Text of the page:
"It is possible [Townsend] could have profitably explored these issues at the trial, but this did not happen," Justice Sackville said.

"It is hardly a legitimate basis for criticism of a judge that he or she has not taken into account evidence neither party suggested was relevant to the factual issue in dispute."

He said he did not believe the 4WD was driving as slowly as 10kmh when the incident occurred and Judge Olsson had correctly considered the evidence to reach the same conclusion.

"[Judge Olsson's] finding [Townsend] reversed down the driveway at a speed between 15kmh and 25kmh was based on her acceptance of [O'Donnell's] evidence," Justice Sackville said.

"[She] noted [O'Donnell] had been cross-examined in close detail about the circumstances of the accident but was unshaken in his evidence. The transcript of his cross-examination shows [he] constantly maintained the [4WD] was travelling ‘at speed' immediately before impact and he adhered to his estimate the vehicle was moving at 15kph, significantly faster than his own speed of 10kph.

"[Judge Olsson's] finding as to the speed of the [4WD] was based in part on her assessment of [O'Donnell's] credibility. It was well open to [her] to find the [4WD] was travelling at 15kph to 25kph immediately before the collision."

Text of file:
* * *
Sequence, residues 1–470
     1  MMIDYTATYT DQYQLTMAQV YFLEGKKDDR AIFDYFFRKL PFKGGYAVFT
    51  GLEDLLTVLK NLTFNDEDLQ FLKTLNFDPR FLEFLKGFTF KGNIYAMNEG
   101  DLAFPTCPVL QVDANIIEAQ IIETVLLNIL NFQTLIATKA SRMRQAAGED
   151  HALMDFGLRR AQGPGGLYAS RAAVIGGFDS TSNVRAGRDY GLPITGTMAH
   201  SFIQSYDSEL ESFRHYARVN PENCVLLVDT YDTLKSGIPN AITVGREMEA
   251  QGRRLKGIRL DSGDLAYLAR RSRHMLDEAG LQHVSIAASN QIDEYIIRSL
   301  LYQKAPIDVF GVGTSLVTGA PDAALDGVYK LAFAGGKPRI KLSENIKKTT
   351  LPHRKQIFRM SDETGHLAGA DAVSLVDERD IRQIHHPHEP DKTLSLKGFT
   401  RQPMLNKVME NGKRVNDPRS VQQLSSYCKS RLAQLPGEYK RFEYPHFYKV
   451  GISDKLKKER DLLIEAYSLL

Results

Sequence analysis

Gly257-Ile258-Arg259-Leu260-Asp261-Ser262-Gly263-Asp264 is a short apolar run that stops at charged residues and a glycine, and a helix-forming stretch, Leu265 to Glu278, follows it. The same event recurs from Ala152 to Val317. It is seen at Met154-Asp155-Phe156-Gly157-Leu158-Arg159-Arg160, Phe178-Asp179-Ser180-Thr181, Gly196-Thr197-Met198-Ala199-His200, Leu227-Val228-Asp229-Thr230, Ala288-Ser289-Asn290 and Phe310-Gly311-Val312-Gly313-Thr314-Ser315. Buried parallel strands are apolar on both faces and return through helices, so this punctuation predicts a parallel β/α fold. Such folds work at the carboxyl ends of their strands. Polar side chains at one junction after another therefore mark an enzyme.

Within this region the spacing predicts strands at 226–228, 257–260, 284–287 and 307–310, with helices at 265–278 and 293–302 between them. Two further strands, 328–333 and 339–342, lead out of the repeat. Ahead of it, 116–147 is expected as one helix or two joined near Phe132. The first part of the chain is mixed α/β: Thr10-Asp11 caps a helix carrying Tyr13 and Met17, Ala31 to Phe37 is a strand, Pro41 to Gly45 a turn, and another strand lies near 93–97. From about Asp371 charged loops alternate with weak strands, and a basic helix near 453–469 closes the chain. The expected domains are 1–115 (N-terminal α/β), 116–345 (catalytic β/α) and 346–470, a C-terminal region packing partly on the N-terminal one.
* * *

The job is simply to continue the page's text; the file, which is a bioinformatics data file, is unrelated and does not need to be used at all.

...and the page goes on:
Justice Sackville also rejected Townsend's arguments Judge Olsson failed to apply the principles in Malec v JC Hutton and had relied on probabilities to reach her conclusions about O'Donnell's future employment prospects.

The High Court ruled: "…questions as to the future or hypothetical effect of physical injury or degeneration are not commonly susceptible of scientific demonstration or proof. If the law is to take account future or hypothetical events in assessing damages, it can only do so in terms of the degree of probability of those events occurring. The probability may be very high – 99.9% – or very low – 0.1%. But unless the chance is so low as to be regarded as speculative – say less than 1% – or so high as to be practically certain – say over 99% – the courts will take that chance into account in assessing damages.

"Where proof is necessarily unobtainable, it would be unfair to treat as certain a prediction which has a 51% probability of occurring, but to ignore altogether a prediction which has a 49% probability of occurring. Thus the court assesses the degree of probability an event would have occurred, or might occur, and adjusts its award of damages to reflect the degree of probability." 

Justice Sackville said Townsend's argument Judge Olsson had disregarded the High Court when she found O'Donnell had no residual earning capacity was an "unfair reading" of the judgement. Judge Olsson had applied the MAC Act and found that, but for the injury, O'Donnell would have continued employment with Australia Post until retirement at age 67.

He said Judge Olsson made a "practical assessment" of O'Donnell's residual earning capacity, considering not only his impaired physical ability and limited employment-related skills, but labour market realities.

Justice Sackville said while a medical report relied on by Judge Olsson had used the term "on the balance of probabilities", it was in other areas unequivocal about O'Donnell's "extremely poor" employment prospects.

Maureen Townsend v Phillip O'Donnell [2016], NSWCA 288, 19/10/16